Why Is The Small Intestine Coiled ?

Why Is The Small Intestine Coiled ?

The small intestine is a long coiled tube that is part of the digestive system. With a total length of approximately twenty to twenty-three feet, this organ is known to be the longest one in the digestive system. The entire length of the small intestine is distinguished into three sections namely; duodenum, jejunum and ileum.

The stomach and the small intestine are connected to each other at the duodenum. Once the food from the stomach goes into this region, it is processed with the aid of bile and pancreatic juices; thereby breaking down the carbohydrates, fats and proteins. Traveling through the jejunum, the digested food then reaches the ileum where the assimilation of the nutrients takes place. This section of the small intestine shows the presence of finger like projections called villi and microvilli that are connected to blood vessels. The nutrients are absorbed by these structures and transported to the other parts of the body via the blood stream.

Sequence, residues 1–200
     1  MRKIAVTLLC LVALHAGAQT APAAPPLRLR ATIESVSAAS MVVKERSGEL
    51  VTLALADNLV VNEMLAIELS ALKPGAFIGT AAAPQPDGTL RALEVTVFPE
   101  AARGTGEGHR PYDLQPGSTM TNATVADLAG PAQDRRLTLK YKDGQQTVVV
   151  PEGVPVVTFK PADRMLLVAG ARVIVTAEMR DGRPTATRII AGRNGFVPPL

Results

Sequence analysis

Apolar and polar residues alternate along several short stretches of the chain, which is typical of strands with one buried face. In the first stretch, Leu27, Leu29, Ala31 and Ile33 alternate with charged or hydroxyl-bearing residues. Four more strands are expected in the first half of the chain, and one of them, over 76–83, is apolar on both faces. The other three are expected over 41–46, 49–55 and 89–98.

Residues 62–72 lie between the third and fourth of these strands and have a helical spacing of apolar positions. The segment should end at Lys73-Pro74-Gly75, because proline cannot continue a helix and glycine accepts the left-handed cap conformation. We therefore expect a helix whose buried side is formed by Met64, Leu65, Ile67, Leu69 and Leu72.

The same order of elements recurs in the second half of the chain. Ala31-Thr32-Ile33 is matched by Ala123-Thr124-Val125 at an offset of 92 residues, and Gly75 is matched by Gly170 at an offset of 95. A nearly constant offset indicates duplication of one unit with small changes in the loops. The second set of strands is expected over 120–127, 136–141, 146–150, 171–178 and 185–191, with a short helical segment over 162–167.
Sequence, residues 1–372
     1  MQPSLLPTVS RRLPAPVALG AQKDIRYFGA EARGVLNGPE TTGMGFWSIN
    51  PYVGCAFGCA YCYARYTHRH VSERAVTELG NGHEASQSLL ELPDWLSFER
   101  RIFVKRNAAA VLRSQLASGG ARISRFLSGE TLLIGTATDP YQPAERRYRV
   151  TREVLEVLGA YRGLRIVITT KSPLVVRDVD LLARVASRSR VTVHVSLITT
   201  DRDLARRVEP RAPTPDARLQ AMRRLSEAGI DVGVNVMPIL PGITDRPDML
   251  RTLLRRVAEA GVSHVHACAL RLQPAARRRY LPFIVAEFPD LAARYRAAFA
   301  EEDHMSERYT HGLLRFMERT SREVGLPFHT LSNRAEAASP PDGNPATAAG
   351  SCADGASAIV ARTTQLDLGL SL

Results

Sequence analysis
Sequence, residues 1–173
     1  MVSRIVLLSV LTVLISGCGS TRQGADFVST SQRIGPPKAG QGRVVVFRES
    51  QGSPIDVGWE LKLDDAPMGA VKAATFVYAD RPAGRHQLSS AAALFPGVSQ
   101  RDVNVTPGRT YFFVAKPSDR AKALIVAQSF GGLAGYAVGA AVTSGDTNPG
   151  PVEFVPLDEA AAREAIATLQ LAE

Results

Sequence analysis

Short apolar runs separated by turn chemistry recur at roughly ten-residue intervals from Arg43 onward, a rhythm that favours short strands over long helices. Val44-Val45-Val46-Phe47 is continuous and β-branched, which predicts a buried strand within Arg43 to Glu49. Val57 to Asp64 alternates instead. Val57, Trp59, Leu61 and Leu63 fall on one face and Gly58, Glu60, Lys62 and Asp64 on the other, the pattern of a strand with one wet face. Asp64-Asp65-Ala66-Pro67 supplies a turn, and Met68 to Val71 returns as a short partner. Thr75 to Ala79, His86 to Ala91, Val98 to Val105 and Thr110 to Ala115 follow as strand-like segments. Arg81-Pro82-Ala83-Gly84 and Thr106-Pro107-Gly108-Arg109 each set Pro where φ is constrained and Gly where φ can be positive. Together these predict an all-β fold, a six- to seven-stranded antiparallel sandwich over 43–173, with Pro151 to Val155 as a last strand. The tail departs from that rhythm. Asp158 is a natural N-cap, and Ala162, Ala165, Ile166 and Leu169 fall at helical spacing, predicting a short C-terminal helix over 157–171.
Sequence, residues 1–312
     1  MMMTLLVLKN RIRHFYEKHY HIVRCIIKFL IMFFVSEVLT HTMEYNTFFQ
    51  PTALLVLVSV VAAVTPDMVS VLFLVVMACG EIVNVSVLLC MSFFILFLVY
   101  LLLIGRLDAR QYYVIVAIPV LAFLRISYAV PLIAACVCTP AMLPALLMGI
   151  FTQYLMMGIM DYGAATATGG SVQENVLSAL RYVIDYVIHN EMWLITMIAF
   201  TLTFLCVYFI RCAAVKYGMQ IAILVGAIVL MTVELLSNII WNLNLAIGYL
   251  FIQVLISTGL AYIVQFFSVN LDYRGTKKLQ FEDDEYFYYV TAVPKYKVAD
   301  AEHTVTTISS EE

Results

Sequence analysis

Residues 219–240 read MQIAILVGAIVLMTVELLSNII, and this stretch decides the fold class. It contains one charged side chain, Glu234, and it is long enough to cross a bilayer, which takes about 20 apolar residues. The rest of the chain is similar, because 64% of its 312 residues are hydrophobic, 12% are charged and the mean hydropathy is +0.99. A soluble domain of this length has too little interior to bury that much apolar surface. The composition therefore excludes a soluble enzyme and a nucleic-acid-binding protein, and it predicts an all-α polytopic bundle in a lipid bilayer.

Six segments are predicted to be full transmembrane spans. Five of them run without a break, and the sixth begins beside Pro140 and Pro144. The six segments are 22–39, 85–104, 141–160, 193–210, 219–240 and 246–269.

Considering the fact that the small intestine is so long, had it not been coiled it would not be possible to have such a long organ within the digestive system. The length of the small intestine is what aids it in absorbing the nutrients well. Additionally, the presence of villi and microvilli assist in increasing the surface area of absorption further. The presence of these structures on the ileum provides a surface area of about 250 square yards, which would have been only 4 square yards in the absence of the villi and microvilli. This large a surface area is what enhances the efficiency of nutrient absorption within the small intestine.

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Why Is The Small Intestine Coiled ?